2. Compound Words, Phrases, and Names; use a String (in other words put the words in quotes  “  “…   Example: “George Washington”“Fort Wayne” “to be or not to be” “United States of America” “Star Wars” “Diary of a Wimpy Kid”

3. Want to eliminate a word: use the Not Command which is a – (minus sign)… Example:  Looking for the country Turkey, but not the bird…  Turkey -bird

4. Capital Letters and articles of speech are ignored unless put  in quotes…  Example: United States of America is treated as united states america but “United States of America” is treated as United States of America

5. The root form of a word looks for all forms of the word… Example: walk = walks, walker, walking, walked

6. Use a tilde (~) to search with other word of similar meaning… Example ~happy searches for happy and synonyms of happy ~large planet (large could be: big, vast, giant, enormous

7. Putting a plus (+) in front of word to keep it exactly as is. This dismisses adding other options to root word… Example:  +walk (only walk: does not inlude walker, walks, walking, walked)

8. Wild Card (*) allows for missing words in a phrase (not missing letters). Forget a word in a title or quote, try a wildcard… Example: “Obama voted on the * on the * bill” Note this is mixed with the string concept.

9. The word OR (in caps) allows two ideas to be reported together… Example: “Indianapolis Colts” 2010 OR 2009

10. Get to know the Google Command Lines. These are useful for quick references in a Basic Google Search. Give them a try and experience the power in narrowing down a search. The list of over twenty starts with some real power suggestions and ends with some everyday useful ideas.

INTITLE – To narrow search by finding web sites that have key word in title you may type the words intitle: followed by word you are searching for (Note no spaces) … Example: intitle:ipad …  Return example

INTEXT – Same as above only it narrows search to only keywords found in text (Note no spaces)… Example intext:ipad … Return example

LINK – This command determines who is linking to a site. Great command to determine credibility and popularity of a site. To use the link command there are no spaces. Type word link: and follow with complete URL (Note if you remember to put no space after the colon you will get true account of active hyper-links, if you use a space you will get hyper-links and text mentions which will be a higher number)…Example link:www.apple.com … Return example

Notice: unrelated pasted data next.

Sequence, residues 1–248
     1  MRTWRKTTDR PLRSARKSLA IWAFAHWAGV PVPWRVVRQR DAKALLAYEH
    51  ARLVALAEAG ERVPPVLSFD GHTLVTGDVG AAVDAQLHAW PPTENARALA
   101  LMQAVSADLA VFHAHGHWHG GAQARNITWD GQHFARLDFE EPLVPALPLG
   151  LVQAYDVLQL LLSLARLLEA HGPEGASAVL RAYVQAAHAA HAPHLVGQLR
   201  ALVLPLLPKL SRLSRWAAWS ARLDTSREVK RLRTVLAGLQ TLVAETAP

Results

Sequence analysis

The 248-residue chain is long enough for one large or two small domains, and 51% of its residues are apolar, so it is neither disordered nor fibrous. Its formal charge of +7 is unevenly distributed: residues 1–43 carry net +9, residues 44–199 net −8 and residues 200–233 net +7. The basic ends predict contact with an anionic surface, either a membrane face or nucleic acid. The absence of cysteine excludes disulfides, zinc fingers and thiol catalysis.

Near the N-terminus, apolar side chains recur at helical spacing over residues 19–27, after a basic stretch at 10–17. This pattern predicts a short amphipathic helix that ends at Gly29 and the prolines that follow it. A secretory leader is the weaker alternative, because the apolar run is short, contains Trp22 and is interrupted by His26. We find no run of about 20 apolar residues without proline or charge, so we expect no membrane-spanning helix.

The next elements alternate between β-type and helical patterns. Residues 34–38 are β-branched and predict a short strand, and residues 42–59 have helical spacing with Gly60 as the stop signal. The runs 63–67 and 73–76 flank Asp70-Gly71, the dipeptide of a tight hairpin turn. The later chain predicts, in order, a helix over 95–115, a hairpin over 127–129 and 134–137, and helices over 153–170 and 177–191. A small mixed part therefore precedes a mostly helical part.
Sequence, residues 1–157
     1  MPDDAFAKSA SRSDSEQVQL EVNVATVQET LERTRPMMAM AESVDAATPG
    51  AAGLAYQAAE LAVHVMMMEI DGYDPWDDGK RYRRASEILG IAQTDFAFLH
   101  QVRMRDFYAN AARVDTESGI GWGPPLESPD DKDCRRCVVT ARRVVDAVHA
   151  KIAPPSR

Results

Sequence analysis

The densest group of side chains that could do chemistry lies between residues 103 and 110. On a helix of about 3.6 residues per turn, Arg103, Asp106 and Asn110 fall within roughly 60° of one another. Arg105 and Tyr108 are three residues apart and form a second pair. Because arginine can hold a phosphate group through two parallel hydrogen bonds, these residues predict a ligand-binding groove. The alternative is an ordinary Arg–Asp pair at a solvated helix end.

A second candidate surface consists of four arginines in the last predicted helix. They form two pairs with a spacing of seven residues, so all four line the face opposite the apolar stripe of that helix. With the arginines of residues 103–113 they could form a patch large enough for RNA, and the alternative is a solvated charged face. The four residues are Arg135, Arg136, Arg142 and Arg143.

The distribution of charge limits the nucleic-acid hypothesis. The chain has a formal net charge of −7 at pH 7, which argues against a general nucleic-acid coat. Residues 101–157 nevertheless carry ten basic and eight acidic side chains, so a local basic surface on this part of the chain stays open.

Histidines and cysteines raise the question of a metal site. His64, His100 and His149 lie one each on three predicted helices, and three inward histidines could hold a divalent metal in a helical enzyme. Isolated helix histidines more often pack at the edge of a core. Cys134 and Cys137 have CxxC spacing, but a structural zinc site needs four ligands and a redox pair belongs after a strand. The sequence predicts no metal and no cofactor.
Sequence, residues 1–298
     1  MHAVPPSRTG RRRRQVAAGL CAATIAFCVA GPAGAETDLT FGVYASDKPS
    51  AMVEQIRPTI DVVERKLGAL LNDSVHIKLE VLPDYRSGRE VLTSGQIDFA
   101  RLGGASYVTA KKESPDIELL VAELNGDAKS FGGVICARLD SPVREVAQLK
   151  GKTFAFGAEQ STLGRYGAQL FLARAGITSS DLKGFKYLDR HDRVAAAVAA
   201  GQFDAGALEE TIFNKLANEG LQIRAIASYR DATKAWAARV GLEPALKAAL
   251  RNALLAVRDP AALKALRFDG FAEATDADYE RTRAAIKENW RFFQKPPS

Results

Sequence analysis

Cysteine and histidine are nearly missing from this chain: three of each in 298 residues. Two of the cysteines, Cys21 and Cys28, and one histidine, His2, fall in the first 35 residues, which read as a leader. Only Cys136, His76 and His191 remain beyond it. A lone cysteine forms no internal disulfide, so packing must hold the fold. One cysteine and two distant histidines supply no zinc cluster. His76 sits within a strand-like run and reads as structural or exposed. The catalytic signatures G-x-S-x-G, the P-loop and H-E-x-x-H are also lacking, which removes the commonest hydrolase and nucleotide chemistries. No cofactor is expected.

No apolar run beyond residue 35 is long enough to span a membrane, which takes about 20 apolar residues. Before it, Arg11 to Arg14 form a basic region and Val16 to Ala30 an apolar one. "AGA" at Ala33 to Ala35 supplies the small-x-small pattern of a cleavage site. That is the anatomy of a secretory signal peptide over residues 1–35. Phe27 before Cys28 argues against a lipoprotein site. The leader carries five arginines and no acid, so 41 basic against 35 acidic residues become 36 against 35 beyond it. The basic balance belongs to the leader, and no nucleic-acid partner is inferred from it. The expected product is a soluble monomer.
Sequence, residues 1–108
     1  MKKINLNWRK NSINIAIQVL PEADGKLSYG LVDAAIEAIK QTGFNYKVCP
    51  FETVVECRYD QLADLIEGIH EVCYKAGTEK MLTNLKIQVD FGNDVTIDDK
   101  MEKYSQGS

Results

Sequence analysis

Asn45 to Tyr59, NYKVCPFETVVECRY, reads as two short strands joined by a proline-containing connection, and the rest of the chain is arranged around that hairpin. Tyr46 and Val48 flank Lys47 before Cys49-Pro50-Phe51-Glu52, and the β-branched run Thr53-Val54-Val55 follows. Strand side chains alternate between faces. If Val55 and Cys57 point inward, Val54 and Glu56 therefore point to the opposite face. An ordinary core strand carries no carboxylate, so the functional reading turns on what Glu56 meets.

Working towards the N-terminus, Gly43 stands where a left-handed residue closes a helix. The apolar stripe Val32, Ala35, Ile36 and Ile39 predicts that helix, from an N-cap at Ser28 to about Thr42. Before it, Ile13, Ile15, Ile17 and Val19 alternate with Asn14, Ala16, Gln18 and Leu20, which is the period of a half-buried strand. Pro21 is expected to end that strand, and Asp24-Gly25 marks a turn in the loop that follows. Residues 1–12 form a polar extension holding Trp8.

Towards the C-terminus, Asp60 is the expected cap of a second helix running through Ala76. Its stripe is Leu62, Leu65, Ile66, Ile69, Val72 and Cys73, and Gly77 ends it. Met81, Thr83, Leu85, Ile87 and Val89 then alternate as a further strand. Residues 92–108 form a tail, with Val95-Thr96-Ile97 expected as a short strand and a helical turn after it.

SITE – Found a great site, but you want to then just search in that site.  Perhaps you just want to search government sites or you want to see the Race For The Moon in perspective from Russia. Type in site and with no space follow with web address, domain, or country code. After the address, domain, or country code put in a space and the key word. Perhaps you want iPad information only from apple… Site Example: site:www.apple.com ipad … Return example … Domain Example: site:gov earthquake … Return Example …  County Example: site:ru “moon race… Return Example

FILETYPE – Looking for a great power point, pdf, or word doc. Perhaps a spreadsheet would be helpful. You may need to look up some suffixes to use. Type in the word filetype: and with no spaces put the suffix (in my example I used xls for excel), put in  space and follow with a search term. I have a list for suffixes linked here… Example: filetype:xls h1n1 … Return example

RELATED – Ever find a great site and you want to see if there is more like it. Just type in the word related: and follow with no space and then the web address. You will find an assortment of related pages… Example: related:www.apple.com … Return Example

INFO – Want more information about a site that you like. Interested in cached versions, links to the site, links from the site, other web pages that are simular to, and other places the web site is mentioned on the internet. A great tool for evaluating a web site. All you do is type in the word info: and then follow it with no space, and the web address of the site you wish to know more about… Example: info:www.ted.org … Return Example

CALCULATOR – To use Google’s built-in calculator function, simply enter the calculation you’d like done into the search box. It even follows the order of operation… Example: 10+9*10 (It multiplies first the adds) … Return Example